Employers often concern themselves with making sure that employees are not misusing resources or benefits available to them. While an employer has certain latitude in terms of, say, using tracking software to monitor employees’ use of company-provided internet, things can be different when it comes to statutorily guaranteed rights like leave under the Family and Medical Leave Act. In one recent case, the 11th Circuit Court of Appeals sided with an employee after her employer demanded extra documentation related to her FMLA absences, even though it had no proof that she was abusing the FMLA leave process.
The employee was a social worker employed by a hospice agency. After a year and a half on the job, the social worker started using FMLA leave to care for her parents. For nine months, the process transpired without any major issues. Then, in March 2014, the social worker’s mother became seriously ill. The employee took another FMLA absence to deal with this. This time, the employer issued a demand for proof that the mother had an FMLA-qualifying condition. The employer also demanded that the worker produce other documents like travel receipts to back up her alleged basis for using the leave. (The employer had never made any such demands before late March 2014.) The employer additionally issued a warning in a memo about the negative impacts of the employee’s “continued time away.”
The social worker eventually sued for FMLA interference and retaliation. The employer received summary judgment in the trial court, but the employee appealed, and, before the appeals court, she won.
The evidence the employee gave to the trial court was enough to make out a potential FMLA interference claim, so she should have been able to present her case to a jury. There were several things that potentially raised issues of fact, but, according to the court, the most obvious instance tending to show the employer impermissibly discouraged the social worker from taking FMLA leave was the memo that said the employee’s “continued unpaid time away from the workplace compromises the quality of care we are able to provide as an organization.” This language was potentially problematic for the employer because, according to the court’s ruling, it would not be unreasonable for a jury to conclude that this admonition was a veiled threat that the additional use of FMLA leave could place the social worker at risk of losing her job (which, ultimately, she did).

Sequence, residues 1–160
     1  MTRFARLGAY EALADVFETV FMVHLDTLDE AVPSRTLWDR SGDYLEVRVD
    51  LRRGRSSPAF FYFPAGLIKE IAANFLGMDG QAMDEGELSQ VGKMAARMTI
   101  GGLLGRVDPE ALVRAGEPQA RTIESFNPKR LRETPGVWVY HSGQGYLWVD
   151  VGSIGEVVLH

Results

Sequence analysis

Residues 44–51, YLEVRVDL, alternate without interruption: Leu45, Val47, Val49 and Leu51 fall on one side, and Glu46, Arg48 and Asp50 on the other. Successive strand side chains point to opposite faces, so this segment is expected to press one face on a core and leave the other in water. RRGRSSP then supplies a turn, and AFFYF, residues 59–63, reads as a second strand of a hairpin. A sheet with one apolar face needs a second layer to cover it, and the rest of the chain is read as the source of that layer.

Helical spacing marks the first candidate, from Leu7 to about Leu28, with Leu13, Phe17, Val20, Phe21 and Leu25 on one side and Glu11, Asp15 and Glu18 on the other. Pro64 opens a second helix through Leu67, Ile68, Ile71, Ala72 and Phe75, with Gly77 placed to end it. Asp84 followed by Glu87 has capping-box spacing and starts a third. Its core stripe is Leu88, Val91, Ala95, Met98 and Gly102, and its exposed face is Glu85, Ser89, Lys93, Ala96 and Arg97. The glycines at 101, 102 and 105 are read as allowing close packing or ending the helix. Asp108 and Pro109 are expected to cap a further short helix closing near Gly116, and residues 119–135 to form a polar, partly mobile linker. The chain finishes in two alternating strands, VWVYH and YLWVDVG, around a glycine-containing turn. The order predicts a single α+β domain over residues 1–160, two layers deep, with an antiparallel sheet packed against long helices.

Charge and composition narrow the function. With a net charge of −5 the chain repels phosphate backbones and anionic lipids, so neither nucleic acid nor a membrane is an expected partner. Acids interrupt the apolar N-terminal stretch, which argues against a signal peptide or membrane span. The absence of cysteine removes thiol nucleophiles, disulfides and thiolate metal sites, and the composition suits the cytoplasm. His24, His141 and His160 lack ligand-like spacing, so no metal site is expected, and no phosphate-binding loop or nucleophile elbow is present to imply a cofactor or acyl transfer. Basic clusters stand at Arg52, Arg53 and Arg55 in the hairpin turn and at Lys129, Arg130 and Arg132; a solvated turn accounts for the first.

The travel receipts or other “supporting documentation” demand was another potential problem for the employer. The FMLA has some clear standards regarding the documentation an employer can demand of an employee seeking to use FMLA leave. When the employer in this case demanded paperwork from a medical provider establishing that the mother had an FMLA-qualifying condition, that was fine because the FMLA regulations allow this. The travel receipts demand was problematic, however. The law requires employees to have a valid need for leave and also demands that they provide notice to their employer as soon as it is practical. This employer’s asking for travel receipts, though, had no connection to proving either the employee’s need or the timeliness of her leave requests.
The flaw in this employer’s approach was clear to the court: the employer appeared to suspect that the worker was possibly using some or all of these leave days for something other than caring for her parents. Even assuming requests like this employer’s were permissible, they can only be permissible if the employer had a reasonable basis for believing that the employee was abusing FMLA leave. The major problem for the employer here was that there was “nothing in the record” that pointed to any malfeasance on the social worker’s part. In light of this, the appeals court concluded that a reasonable jury could decide that the employer’s new requirements were really just a way of trying to discourage the social worker from using her FMLA leave, in violation of the law.
FMLA leave is an important statutory right provided to workers. Employers are allowed to take certain steps to ensure that employees are not abusing FMLA leave. However, if you, as an employer, suspect abuse of FMLA leave, it is important to tread carefully lest you trigger liability for FMLA interference. Whether you are an employee who has encountered FMLA interference, or you are an employer, you should talk to the Georgia FMLA attorneys at Mays & Kerr about your FMLA interference issues. Our attorneys have spent many years dealing with these issues and can provide you with reliable advice and aggressive representation.
To speak with one of our lawyers about your case, call 1-877-986-5529.
More blog posts:
Sixth Circuit Revives FMLA Interference Case Against Employer that Delayed Reinstating Employee From Leave, Atlanta Employment Attorneys Blog, Dec. 28, 2016
The Options Tennessee Employers Have When They Detect Perceived FMLA Leave Misuse, Atlanta Employment Attorneys Blog, Nov. 2, 2016